Given that CBILS borrowers are meant to have a borrowing proposal which the lender would consider viable were it not for the current pandemic, the British Business Bank introduced viability criteria. One applies to limited companies with less than 250 employees, which are more than three years old and are seeking borrowings of greater than £30,000: namely that accumulated losses at 31 December 2019 cannot exceed half of the company’s subscribed share capital. Many SMEs have a nominal share capital, most often £100, and have never had equity investment – for these companies accumulated losses cannot exceed £50.
Many successful SMEs make losses in their first few years before breaking even and finally becoming profitable, however they may only have accumulated profits after around 4 to 7 years – all these businesses would automatically be precluded from applying for a CBILS loan until they are in an accumulated profit position. These viability criteria are too restrictive and immediately deny numerous SMEs access to CBILS.
The banks should be able to assess the viability of borrowers themselves rather than relying on a simple metric from which a computer can be allowed to make a decision.
2. Restricted access to lenders
When CBILS was launched, lenders were supposed to maintain their market share of CBILS lending. Many lenders chose to do so by only allowing CBILS applications from existing customers.
Any relaxation of the rules has not deterred many lenders from only accepting applications from existing customers because they are already familiar with their customers’ finances and can make quicker decisions than analysing an application from a new customer about which they have no knowledge.
This also comes at a time when due to the lockdown the banks themselves are short-staffed, staff are working from home and call centres are severely under-staffed, resulting in restricted access to lenders.
With various alternative lenders now being accredited, there may be a greater choice of lenders to apply to rather than borrowers’ own banks.
3. Banks being unaware of the CBILS rules
We know of a company which exports a large quantity, but by no means all, of the products they manufacture. They applied to their bank for a CBILS loan. The bank refused it on the grounds that exporters are ineligible for CBILS loans. Yet the British Business Bank explicitly states that exporters are eligible, even if exporting over 80% of their products/services.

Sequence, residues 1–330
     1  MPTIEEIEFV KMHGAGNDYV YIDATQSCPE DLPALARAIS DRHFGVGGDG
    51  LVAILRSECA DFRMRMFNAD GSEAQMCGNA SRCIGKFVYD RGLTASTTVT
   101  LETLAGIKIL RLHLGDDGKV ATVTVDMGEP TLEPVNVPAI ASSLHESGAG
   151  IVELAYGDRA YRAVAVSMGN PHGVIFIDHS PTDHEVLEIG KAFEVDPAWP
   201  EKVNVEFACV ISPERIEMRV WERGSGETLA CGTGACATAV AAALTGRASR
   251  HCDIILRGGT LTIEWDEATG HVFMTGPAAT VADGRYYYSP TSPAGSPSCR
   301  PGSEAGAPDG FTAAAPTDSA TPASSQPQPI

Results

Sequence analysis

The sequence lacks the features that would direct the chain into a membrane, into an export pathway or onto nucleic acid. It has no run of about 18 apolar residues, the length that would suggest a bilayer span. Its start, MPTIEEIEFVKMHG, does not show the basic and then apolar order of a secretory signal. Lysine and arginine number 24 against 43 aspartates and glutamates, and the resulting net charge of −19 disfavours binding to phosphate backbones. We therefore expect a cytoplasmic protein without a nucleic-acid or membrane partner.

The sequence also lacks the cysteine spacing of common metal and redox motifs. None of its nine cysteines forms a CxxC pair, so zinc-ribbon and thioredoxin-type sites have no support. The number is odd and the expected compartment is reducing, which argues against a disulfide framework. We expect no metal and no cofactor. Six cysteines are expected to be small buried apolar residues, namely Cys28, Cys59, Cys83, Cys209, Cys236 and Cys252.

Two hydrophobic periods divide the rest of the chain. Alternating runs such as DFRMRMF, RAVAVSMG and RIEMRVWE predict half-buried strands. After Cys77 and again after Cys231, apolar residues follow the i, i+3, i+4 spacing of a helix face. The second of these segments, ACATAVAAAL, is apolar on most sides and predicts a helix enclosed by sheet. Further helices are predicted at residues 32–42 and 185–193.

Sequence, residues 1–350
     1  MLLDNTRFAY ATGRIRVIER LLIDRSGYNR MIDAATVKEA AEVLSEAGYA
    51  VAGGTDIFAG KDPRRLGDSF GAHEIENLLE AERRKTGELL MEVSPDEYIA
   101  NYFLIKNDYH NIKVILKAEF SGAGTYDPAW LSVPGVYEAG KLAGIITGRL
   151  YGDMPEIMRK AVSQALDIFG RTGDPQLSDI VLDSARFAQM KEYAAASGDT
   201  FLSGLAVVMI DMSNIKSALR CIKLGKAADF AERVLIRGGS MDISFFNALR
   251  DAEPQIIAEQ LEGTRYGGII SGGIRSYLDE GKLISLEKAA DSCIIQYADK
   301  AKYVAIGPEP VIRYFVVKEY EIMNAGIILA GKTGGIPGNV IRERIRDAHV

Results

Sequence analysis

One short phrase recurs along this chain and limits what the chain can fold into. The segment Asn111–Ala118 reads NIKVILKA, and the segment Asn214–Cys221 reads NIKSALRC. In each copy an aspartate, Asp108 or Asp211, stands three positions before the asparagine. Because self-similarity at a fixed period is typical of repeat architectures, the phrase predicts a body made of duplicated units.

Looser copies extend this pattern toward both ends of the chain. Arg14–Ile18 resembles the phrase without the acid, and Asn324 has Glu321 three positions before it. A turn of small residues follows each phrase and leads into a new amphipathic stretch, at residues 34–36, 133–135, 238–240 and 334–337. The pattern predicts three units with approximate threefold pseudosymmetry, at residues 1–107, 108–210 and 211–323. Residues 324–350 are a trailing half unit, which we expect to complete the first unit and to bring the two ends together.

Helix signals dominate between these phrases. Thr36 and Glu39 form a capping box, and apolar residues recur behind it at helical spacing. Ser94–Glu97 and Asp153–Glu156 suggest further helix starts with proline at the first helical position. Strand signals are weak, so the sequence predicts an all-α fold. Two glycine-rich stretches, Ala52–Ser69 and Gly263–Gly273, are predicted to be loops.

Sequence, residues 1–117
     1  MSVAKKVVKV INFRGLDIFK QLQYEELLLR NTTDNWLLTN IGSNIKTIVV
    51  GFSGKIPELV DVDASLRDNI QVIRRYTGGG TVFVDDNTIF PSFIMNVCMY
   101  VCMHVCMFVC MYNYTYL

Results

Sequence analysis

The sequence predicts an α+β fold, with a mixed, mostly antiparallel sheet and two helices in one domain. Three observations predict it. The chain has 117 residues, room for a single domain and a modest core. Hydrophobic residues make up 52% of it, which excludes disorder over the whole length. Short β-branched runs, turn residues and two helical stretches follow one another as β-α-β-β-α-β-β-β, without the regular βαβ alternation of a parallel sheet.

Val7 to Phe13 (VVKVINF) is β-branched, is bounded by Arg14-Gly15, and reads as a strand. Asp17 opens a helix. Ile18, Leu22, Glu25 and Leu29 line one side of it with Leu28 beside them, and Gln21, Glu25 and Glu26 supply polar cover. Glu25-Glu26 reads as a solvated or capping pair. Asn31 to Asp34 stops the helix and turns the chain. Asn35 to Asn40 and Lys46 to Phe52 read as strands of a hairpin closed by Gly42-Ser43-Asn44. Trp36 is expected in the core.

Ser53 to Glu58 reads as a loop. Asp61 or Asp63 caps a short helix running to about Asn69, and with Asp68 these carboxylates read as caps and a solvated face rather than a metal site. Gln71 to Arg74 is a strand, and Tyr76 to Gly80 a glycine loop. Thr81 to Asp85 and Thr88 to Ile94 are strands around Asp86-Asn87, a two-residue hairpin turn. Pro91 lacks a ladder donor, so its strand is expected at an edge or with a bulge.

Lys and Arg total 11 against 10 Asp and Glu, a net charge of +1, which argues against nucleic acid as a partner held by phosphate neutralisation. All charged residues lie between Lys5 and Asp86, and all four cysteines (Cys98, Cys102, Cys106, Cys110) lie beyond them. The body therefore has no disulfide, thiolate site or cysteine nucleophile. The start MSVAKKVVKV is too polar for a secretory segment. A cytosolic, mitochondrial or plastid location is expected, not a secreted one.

These are just some examples of reasons the CBILS may not have been successful. There are numerous others. In particular, lenders have been requiring detailed historic and prospective financial information which many SMEs are struggling to provide.
How could CBILS be improved?
We would welcome an urgent detailed review of the scheme by the British Business Bank and/or and independent body given a suitable remit. We would hope this would result in a relaxation of certain eligibility criteria, with banks being entrusted to make their own informed decisions as to which businesses are viable and which loans are most likely to be serviced.
We also hope that more lenders, including non-traditional bank lenders, will be encouraged and accredited to lend under the scheme. This would result in more supply for SMEs who are currently being denied by their own banks.
For more information on the support currently available to UK SMEs, and how we could help your business to access that support, please get in touch with your usual BKL contact or use our enquiry form.
Our June 2020 assessment of CBILS and the government’s other coronavirus loan schemes for businesses is here.